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The purpose of this study is to evaluate the effects of Response Elaboration Training (RET), which is a speech/language therapy for aphasia. The study is designed to determine whether verbal language production improves in terms of content and length of utterances as a result of treatment.
Extended description of the protocol, including information not already contained in other fields, such as comparison(s) studied.
Sudden out-of-hospital cardiac arrest (OOH-CA) remains a significant cause of death, in spite of recent declines in overall mortality from cardiovascular disease. Existing methods of emergency resuscitation are inadequate due to time delays inherent in the transport of a trained responder with defibrillation capabilities to the side of the OOH-CA victim. Existing Emergency Medical Services (EMS) systems typically combine paramedic Emergency Medical Technician (EMT) services with some level of community involvement, such as bystander cardiopulmonary resuscitation (CPR) training. Some communities include automated external defibrillators (AEDs) at isolated sites or in mobile police or fire vehicles. A comprehensive, integrated community approach to treatment with AEDs would have community units served by these volunteer non-medical responders who can quickly identify and treat a patient with OOH-CA. Such an approach is termed Public Access Defibrillation (PAD).
Comparison(s): Community units trained and equipped to provide public access defibrillation in addition to optimal standard care, compared to community units trained to provide optimal standard care (recognition of out-of-hospital cardiac arrest, 911 access, and cardiopulmonary resuscitation).
The purpose of the proposed research is to thoroughly evaluate the effects of Response Elaboration Training (RET) with persons with aphasia. Specifically, the proposed research investigation is designed to delineate the outcomes that may be expected with RET. The study is also designed to improve outcomes in the area of stimulus generalization effects of treatment by testing a modification of RET designed to facilitate generalization. The specific experimental questions to be addressed are as follows:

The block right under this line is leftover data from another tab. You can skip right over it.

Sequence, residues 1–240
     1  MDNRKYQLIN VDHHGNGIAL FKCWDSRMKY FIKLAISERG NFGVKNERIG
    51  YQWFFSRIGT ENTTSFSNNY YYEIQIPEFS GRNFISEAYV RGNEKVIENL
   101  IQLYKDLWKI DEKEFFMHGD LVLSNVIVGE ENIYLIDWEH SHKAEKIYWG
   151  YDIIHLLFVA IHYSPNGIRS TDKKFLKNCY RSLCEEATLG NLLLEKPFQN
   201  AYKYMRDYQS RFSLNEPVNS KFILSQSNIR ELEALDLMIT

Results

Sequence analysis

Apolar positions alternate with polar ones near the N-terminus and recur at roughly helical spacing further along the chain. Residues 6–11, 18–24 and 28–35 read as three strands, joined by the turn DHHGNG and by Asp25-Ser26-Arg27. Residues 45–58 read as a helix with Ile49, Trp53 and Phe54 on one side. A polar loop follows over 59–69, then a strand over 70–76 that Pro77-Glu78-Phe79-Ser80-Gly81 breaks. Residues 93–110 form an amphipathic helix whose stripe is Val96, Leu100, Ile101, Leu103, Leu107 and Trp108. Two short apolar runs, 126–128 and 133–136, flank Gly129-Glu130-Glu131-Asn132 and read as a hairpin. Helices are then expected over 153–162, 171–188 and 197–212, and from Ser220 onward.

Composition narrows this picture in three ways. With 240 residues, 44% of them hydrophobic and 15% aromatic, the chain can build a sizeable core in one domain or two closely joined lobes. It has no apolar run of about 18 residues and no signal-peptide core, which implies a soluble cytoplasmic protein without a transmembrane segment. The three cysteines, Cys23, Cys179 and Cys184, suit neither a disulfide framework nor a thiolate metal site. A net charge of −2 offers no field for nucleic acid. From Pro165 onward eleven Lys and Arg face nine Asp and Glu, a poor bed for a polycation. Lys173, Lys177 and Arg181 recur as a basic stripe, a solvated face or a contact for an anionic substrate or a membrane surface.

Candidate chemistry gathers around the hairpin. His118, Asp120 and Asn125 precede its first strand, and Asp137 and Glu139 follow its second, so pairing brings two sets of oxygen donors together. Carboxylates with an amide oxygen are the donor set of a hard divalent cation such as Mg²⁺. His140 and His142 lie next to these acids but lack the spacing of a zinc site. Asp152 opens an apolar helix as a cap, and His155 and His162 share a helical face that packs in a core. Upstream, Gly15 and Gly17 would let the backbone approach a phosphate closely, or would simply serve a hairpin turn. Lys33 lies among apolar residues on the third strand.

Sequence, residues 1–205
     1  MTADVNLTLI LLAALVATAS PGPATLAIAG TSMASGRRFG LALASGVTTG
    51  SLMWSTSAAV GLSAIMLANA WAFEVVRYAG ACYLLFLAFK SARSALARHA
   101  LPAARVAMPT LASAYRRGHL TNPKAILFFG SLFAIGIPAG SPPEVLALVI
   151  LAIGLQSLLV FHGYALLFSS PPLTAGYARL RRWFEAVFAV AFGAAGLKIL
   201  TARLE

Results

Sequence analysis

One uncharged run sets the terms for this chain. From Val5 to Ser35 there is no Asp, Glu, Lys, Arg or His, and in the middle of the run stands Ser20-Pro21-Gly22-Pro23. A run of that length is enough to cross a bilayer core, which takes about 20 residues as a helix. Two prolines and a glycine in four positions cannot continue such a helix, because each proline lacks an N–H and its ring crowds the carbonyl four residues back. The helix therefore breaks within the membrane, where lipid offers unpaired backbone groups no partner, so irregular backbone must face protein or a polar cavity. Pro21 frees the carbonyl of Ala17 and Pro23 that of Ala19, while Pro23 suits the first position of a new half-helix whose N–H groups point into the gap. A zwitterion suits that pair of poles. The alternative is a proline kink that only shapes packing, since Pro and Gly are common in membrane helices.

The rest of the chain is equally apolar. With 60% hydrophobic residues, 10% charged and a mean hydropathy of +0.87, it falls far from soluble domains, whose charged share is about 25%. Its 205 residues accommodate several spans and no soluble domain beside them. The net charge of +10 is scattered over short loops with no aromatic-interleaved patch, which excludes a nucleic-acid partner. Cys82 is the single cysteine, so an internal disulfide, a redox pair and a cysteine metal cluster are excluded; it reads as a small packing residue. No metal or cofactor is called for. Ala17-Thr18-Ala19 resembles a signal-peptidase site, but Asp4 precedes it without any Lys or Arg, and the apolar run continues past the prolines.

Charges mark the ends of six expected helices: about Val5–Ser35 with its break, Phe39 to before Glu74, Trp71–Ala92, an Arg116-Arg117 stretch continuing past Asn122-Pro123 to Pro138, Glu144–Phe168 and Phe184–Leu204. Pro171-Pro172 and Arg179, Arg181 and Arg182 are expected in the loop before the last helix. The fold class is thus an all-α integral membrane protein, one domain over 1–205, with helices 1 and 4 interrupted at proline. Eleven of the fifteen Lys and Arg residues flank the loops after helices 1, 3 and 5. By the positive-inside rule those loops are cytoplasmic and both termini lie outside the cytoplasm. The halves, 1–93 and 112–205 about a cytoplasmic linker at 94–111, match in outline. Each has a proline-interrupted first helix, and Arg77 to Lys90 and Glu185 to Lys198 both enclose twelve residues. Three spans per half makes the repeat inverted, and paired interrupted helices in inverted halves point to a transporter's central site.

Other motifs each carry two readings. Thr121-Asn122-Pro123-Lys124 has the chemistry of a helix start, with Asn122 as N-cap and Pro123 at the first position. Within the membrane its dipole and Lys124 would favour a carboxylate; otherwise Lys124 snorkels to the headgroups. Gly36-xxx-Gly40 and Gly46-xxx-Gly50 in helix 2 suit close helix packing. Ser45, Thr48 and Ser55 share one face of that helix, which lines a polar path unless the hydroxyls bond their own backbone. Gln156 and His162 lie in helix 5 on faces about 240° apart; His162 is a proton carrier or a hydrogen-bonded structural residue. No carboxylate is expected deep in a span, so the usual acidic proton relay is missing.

- Will RET result in increased production of correct information units and increased length and changes in composition of utterances as measured in *trained and untrained picture descriptions; *story retells; *conversations with significant others/family members/friends; and *personal recounts?
- Will modification and extension of RET to additional training contexts result in further increases in production of CIUs and increased length and complexity of utterances?
- Will the effects* of RET vary among participants with fluent aphasia, participants with nonfluent aphasia who present with mild to moderate verbal production deficits, and participants with nonfluent aphasia who present with severe verbal production deficits?
* Effects = effects on production of CIUs and on measures of functional communication
- Will changes in measures of functional communication be observed following administration of RET?
A series of single-subject experimental designs across subjects, behaviors, and contexts will be conducted to address these questions. Twenty-four adults with chronic, moderate to severe aphasia secondary to unilateral, left-hemisphere brain-injury will serve as participants for this investigation.
Allocation: Non-Randomized, Control: Uncontrolled, Endpoint Classification: Efficacy Study, Intervention Model: Single Group Assignment, Masking: Open Label, Primary Purpose: Treatment
Response Elaboration Training
VA Salt Lake City Health Care System, Salt Lake City
Salt Lake City
Department of Veterans Affairs
Published on BioPortfolio: 2014-07-23T21:51:08-0400
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A type of fluent aphasia characterized by an impaired ability to repeat one and two word phrases, despite retained comprehension. This condition is associated with dominant hemisphere lesions involving the arcuate fasciculus (a white matter projection between Broca's and Wernicke's areas) and adjacent structures. Like patients with Wernicke aphasia (APHASIA, WERNICKE), patients with conduction aphasia are fluent but commit paraphasic errors during attempts at written and oral forms of communication. (From Adams et al., Principles of Neurology, 6th ed, p482; Brain & Bannister, Clinical Neurology, 7th ed, p142; Kandel et al., Principles of Neural Science, 3d ed, p848)
Financial support for training including both student stipends and loans and training grants to institutions.
A cognitive disorder marked by an impaired ability to comprehend or express language in its written or spoken form. This condition is caused by diseases which affect the language areas of the dominant hemisphere. Clinical features are used to classify the various subtypes of this condition. General categories include receptive, expressive, and mixed forms of aphasia.
Functional region comprising posterior part of the SUPERIOR TEMPORAL GYRUS in the dominant cerebral hemisphere (see CEREBRAL DOMINANCE) and often portions of the PARIETAL LOBE. Along with BROCA AREA it is important in SPEECH and LANGUAGE processes. A lesion in the area is associated with WERNICKE APHASIA and CONDUCTION APHASIA.
On the job training programs for personnel carried out within an institution or agency. It includes orientation programs.
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